The Wooden Bowl

This was an email I received from a friend. It blessed me so much I wanted to post it. I guarantee you will remember the tale of the Wooden Bowl tomorrow, a week from now, a month from now, a year from now.

A frail old man went to live with his son, daughter-in-law, and four-yearold grandson. The old man’s hands trembled, his eyesight was blurred, and his step faltered. The family ate together at the table. But the elderly grandfather’s shaky hands and failing sight made eating difficult. Peas rolled off his spoon onto the floor. When he grasped the glass, milk spilled on the tablecloth.

The son and daughter-in-law became irritated with the mess. “We must do something about father,” said the son. “I’ve had enough of his spilled milk, noisy eating, and food on the floor.”

So the husband and wife set a small table in the corner. There, Grandfather ate alone while the rest of the family enjoyed dinner.

Since Grandfather had broken a dish or two, his food was served in a wooden bowl.

When the family glanced in Grandfather’s direction, sometimes he had a tear in his eye as he sat alone. Still, the only words the couple had for him were sharp admonitions when he dropped a fork or spilled food. The four-year-old watched it all in silence.

One evening before supper, the father noticed his son playing with wood scraps on the floor. He asked the child sweetly, “What are you making?” Just as sweetly, the boy responded, “Oh, I am making a little bowl for you and Mama to eat your food in when I grow up.” The four-year-old smiled and went back to work.

The words so struck the parents so that they were speechless. Then tears started to stream down their cheeks. Though no word was spoken, both knew what must be done.

That evening the husband took Grandfather’s hand and gently led him back to the family table. For the remainder of his days he ate every meal with the family. And for some reason, neither husband nor wife seemed to care any longer when a fork was dropped, milk spilled, or the tablecloth soiled.

On a positive note, I’ve learned that, no matter what happens, how bad it seems today, life does go on, and it will be better tomorrow.

I’ve learned that you can tell a lot about a person by the way he/she handles four things: a rainy day, the elderly, lost luggage, and tangled Christmas tree lights.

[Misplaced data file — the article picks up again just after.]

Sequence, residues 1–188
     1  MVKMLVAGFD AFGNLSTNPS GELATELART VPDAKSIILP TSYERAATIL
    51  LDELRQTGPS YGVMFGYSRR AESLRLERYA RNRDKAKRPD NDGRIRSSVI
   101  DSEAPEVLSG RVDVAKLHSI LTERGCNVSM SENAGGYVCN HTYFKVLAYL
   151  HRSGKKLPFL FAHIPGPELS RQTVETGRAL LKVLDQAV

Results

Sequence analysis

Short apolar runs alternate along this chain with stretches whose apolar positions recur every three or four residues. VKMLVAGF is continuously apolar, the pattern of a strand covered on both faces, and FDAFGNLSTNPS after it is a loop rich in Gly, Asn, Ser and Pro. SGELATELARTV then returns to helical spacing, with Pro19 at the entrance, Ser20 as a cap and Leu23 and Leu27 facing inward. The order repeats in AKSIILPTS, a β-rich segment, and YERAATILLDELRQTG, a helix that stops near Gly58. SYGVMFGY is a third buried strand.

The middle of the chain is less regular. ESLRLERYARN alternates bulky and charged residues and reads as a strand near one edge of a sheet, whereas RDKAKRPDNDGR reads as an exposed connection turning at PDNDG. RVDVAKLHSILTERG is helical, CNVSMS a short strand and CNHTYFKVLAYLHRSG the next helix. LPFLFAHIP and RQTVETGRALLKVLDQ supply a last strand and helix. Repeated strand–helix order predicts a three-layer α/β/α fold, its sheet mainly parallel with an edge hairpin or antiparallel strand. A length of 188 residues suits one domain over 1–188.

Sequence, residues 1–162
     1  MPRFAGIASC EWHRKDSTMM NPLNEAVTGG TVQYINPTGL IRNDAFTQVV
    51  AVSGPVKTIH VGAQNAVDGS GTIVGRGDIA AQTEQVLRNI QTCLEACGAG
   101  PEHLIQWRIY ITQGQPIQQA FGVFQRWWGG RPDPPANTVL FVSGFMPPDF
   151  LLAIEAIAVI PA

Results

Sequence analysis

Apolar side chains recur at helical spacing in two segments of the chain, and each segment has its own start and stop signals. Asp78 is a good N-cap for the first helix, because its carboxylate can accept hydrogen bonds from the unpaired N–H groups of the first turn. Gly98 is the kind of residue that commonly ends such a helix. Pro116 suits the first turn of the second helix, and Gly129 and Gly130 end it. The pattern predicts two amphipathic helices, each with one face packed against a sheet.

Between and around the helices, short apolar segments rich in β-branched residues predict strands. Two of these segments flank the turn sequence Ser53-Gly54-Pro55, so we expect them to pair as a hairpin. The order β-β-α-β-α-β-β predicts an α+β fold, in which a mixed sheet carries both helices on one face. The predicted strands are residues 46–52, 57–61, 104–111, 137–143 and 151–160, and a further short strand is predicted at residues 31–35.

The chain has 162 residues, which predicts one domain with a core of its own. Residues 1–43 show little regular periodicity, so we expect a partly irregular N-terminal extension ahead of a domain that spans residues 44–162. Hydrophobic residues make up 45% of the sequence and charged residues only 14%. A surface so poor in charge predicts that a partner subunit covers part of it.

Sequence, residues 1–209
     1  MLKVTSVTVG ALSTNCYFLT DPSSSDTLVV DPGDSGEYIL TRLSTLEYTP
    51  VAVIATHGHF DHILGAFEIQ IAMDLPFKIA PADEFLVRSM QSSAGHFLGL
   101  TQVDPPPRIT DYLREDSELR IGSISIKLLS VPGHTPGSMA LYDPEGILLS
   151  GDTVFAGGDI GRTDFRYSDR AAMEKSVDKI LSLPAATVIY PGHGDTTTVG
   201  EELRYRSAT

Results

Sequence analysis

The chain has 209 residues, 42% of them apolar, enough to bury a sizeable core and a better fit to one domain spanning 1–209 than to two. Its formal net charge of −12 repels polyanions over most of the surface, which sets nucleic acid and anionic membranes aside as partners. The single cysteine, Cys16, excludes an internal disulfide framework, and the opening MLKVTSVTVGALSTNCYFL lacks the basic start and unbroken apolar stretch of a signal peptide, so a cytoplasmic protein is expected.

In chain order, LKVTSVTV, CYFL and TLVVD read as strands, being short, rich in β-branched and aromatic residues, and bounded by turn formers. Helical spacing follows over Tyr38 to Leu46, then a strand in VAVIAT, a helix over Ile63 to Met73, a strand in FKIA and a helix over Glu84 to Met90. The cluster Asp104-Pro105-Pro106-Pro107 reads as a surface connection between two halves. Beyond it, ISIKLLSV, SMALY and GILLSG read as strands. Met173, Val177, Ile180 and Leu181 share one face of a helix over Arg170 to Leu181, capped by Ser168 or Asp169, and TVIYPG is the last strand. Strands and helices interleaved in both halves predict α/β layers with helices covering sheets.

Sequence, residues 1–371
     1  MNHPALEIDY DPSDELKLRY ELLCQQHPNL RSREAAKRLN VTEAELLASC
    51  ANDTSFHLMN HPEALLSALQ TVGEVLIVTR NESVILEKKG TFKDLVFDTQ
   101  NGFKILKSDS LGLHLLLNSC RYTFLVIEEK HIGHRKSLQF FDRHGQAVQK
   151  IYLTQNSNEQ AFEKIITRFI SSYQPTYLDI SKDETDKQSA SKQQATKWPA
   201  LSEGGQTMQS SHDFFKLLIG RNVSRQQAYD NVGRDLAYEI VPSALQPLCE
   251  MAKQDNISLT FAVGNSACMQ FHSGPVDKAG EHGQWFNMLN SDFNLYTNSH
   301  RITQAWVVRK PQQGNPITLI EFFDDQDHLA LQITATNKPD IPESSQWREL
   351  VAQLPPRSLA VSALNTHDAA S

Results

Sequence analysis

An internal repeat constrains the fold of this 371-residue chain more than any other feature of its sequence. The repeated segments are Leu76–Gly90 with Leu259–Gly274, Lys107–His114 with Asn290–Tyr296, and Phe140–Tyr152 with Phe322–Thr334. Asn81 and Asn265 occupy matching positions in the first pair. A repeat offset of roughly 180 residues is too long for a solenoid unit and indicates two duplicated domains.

I’ve learned that, regardless of your relationship with your parents,

you’ll miss them when they’re gone from your life. I’ve learned that making a “living” is not the same thing as making a “life.”

I’ve learned that life sometimes gives you a second chance.

I’ve learned that you shouldn’t go through life with a catcher’s mitt on both hands. You need to be able to throw something back

I’ve learned that if you pursue happiness, it will elude you. But, if you focus on your family, your friends, the needs of others, your work and doing the very best you can, happiness will find you

I’ve learned that whenever I decide something with an open heart, I usually make the right decision.

I’ve learned that even when I have pains, I don’t have to be one.

I’ve learned that every day, you should reach out and touch someone.

People love that human touch — holding hands, a warm hug, or just a friendly pat on the back.

I’ve learned that I still have a lot to learn.

I pray this blessed you as much as it blessed me. Have a wonderful day!

Photo by Tonya Vander.

“Resolve to be tender with the young, compassionate with the aged,sympathetic with the striving, and tolerant with the weak and the wrong.
Sometime in your life you will have been all of these.”

Dr. Robert H. Goddard quotes (American rocket engineer 1882-1945)


6 thoughts on “The Wooden Bowl

  1. Oh girl, this struck me so hard. I wanted to stop by your blog and thank you for commenting on mine and then I read this and added you immediately to my Reader. This post touched home for me deeply.I was raised by a Grandmother who suffered a stroke when I was only 7 years old. She died when I was fifteen and so for 8 years, she was called a “burden” on us all because she had a hard time walking, eating and could no longer speak. I loved my Grandmother more than words could say, and the mere thought of anyone treating the elderly because of their “weaknesses” just gets my heart rate up!Thank you for posting this! I hope others read it and we can change a few peoples ways of thinking when it comes to the elderly.

  2. Jia – My MIL lives with us and she has dementia. If you read deeper into my posts, you will see our struggles and understand why this blessed me so much. Thank you for your kind words. I’d love to have you as a regular reader!

  3. I love this story Jan. So sweet and sad, yet lends a second chance for those who need to change their ways. Thanks for posting this.

  4. Oh what a heart-wrenching story. In the middle I wanted to march right into that dining room and take Grandpa home with me to eat at my table. I’m so glad to see the outcome. What a touching post.

  5. Great post Jan! We in our society don’t show value to those that are young or too old. It is so important that we don’t loose sight of this. Thank you for reminding us all of that.

The righteous person faces many troubles, but the Lord comes to the rescue each time. - Psalm 34:19

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